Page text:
HCL Veteran Reveals Reasons For Moonlighting: Less Salary, Dissatisfaction & More
Former CEO of HCLTech and founder and chairman of the Sampark Foundation, Vineet Nayar, said the key reasons driving the moonlighting is the low compensation pay and a lack of opportunities for innovation. He said that moonlighting is inevitable, despite the fact that the Indian IT service companies are pouring in the efforts to curb the practice.
Impossible to Tackle Moonlighting : Former HCLTech CEO
He explained that with the growing culture of entrepreneurship and start-ups in India, it is impossible to tackle moonlighting because even if you see most of the startups were started as side hustles of the founders while they worked full-time for established organisations.
The term, moonlighting, which has recently gained a lot of traction is nothing but the act of working secretly at a second job while working full-time at a company.
It is a contemporary issue and has risen after the prevalence of WFH facilitated by the pandemic.
In the last two years, the pandemic has made it possible for IT workers to work from home. As a result, IT workers have started doing freelance and gig work on the side, which in some cases has put client data at risk.
Nayar said that “When internet came to our life, we resisted big time thinking that our data will be stolen. But it was unstoppable — it came to our desktops, mobile phones and even watches. And since people couldn’t do anything about it so they learned to use it rather than being abused by it. Moonlighting too is an unstoppable event. You can resist it but you can’t stop it. You need to understand the reasons behind it”.
He said that though moonlighting should be well-regulated to protect client confidentiality, but it can’t be stopped.
Key Drivers of Moonlighting
As per the Former CEO, there are 3 key reasons why people moonlight:
- Widening pay gap
- Lack of purpose and innovation
- Growing start-up economy.
Calling the salary of an IT engineer with 0–2 years of experience as a pittance, he said that the same remains stagnant with only up to 8 percent increase year-on-year. Also, there is a desire in the young engineers to earn well and make ends meet.
He said that “For a salary of Rs. 30,000-35,000 where will you stay and what will you do? Especially when employees from tier-II cities are coming to tier-I cities to work, managing expenses gets more difficult. They end up picking gigs outside their jobs to make ends meet, whether it is driving Uber cabs or doing something else. Unless you increase your salaries dramatically which IT companies can’t due to margin pressures, there will be a dire need for this employee to find economic needs to meet his or her ends.”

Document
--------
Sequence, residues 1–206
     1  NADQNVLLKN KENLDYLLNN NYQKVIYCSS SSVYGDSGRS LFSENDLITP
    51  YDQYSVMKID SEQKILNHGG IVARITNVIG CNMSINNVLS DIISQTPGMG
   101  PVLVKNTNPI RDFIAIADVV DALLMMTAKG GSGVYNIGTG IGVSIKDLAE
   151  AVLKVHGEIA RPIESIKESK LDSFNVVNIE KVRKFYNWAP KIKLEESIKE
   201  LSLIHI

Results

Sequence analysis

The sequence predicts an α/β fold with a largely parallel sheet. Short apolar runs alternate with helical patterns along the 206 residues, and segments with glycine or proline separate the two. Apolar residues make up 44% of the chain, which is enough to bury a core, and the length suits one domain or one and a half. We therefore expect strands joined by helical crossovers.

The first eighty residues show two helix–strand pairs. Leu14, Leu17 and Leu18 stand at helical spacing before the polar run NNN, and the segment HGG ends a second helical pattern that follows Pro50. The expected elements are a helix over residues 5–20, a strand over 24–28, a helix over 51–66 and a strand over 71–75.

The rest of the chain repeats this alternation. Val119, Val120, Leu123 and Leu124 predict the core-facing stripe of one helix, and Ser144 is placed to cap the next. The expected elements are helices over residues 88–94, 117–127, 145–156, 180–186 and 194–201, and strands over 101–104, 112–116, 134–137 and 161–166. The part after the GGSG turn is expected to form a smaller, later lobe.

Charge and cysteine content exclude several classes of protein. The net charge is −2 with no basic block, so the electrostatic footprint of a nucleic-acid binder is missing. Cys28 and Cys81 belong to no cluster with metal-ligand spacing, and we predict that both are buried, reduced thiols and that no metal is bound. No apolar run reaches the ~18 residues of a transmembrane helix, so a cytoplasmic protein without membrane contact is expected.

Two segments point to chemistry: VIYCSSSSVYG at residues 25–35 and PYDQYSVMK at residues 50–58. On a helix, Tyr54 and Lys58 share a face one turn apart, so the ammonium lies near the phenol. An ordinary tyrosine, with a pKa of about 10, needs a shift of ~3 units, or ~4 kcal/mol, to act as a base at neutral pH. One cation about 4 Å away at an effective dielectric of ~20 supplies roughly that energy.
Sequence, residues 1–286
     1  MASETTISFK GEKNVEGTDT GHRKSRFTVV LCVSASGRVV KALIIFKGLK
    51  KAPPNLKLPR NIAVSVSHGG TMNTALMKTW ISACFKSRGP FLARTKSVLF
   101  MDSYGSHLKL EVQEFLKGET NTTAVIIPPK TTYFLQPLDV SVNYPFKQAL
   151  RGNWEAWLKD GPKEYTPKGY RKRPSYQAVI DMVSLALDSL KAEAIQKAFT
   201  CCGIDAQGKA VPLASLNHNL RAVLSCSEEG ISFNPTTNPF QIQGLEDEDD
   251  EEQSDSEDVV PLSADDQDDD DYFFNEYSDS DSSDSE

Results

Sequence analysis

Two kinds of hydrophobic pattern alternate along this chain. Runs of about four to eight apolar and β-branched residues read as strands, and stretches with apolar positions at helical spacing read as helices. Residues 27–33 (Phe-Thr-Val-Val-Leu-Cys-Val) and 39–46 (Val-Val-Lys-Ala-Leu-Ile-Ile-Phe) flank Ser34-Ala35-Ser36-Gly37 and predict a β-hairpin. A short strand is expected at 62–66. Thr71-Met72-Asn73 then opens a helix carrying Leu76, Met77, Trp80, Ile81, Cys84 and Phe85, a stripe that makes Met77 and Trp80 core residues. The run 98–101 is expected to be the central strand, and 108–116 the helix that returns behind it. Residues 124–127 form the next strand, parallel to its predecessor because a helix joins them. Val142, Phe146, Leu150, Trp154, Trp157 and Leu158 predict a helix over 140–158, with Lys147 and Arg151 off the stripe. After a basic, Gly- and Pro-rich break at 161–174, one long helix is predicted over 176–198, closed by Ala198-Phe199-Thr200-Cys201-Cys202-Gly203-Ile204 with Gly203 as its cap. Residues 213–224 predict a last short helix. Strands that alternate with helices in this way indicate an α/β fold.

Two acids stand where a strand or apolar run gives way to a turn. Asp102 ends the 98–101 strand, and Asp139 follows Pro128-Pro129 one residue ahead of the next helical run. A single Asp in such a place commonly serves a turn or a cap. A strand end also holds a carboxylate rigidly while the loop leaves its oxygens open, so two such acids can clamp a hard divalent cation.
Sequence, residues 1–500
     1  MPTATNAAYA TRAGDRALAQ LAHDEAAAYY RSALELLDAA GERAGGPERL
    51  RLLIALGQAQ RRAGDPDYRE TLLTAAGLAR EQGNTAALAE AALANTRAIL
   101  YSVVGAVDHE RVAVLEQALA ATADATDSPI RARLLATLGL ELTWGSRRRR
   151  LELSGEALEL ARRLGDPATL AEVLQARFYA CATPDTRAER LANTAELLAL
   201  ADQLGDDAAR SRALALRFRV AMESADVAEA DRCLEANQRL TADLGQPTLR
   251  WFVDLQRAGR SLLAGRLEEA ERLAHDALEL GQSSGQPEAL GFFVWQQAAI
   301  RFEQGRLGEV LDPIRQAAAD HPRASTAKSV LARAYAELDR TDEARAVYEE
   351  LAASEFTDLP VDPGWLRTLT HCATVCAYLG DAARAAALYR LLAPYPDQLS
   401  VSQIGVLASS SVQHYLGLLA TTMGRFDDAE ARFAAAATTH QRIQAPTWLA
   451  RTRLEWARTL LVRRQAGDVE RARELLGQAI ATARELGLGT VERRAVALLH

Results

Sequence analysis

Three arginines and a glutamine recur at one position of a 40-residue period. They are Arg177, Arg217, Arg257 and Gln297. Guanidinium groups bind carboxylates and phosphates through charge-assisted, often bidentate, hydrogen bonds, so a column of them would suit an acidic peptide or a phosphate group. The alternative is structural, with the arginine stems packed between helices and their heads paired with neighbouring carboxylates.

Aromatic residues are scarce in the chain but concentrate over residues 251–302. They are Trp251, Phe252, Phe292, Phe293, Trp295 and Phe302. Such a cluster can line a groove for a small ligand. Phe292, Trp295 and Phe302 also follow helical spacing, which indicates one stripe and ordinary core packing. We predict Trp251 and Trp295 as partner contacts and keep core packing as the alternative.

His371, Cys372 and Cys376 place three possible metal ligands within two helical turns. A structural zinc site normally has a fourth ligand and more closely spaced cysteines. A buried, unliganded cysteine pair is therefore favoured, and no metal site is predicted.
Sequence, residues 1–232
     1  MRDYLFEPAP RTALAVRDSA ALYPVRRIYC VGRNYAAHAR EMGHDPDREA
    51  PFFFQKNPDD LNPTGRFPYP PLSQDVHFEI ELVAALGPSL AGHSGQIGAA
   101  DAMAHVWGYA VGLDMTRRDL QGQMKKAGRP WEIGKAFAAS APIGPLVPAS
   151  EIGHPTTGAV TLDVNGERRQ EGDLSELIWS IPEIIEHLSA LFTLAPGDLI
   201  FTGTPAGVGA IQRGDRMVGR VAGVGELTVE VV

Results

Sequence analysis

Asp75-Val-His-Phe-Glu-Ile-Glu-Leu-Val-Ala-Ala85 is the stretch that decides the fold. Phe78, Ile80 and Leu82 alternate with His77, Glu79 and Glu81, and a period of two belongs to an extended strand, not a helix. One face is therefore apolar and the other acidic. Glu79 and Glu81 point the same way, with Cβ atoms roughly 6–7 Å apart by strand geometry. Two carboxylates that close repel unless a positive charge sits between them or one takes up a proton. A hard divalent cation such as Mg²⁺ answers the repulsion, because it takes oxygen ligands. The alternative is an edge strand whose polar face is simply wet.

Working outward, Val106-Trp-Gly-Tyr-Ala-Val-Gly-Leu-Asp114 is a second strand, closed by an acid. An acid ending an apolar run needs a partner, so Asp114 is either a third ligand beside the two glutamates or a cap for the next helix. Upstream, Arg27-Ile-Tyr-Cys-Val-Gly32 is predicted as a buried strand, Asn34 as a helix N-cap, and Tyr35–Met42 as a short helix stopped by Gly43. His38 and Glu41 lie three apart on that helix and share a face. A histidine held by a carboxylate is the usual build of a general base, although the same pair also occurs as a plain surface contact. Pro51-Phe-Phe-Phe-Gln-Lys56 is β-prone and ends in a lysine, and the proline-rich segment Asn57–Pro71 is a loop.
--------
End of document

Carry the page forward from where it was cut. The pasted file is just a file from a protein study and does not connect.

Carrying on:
According to an earlier report by Moneycontrol, while the median annual pay of CEOs zoomed 835 percent from FY12 to FY22, the median salary package of freshers grew just 45 percent in the same period. Over the last decade, the median fresher salary rose from Rs 2.45 lakh in FY12 to Rs 3.55 lakh in FY22.
Another factor that is driving the phenomenon, is the increasing disengagement of employees in the revenue and profit-driven companies, as these lack the culture of purpose as they are not necessarily building new products.
Nayar said that “The amount of disenchantment with these organisations is at its peak. Most of the surveys are saying that the employees are completely disengaged. Most of these companies are running behind profits and revenue growth, and not behind purpose. Therefore the employees are not aligned and end up becoming use and throw commodities and nobody is investing in them”.
Speaking about the gig economy of start-ups, he said that “The third driver is the gig economy of start-ups. Until last year, if you look at all the major companies in the Indian IT sector and track the history till last year. Everybody was happy to say how they started their companies and all of them at that point were employed with other companies. It remained a side hustle until it became a successful company”.
“Was that not moonlighting? Today also you are on boards of various companies, doing multiple things, is that not moonlighting? Moonlighting already exists,” Nayar questioned.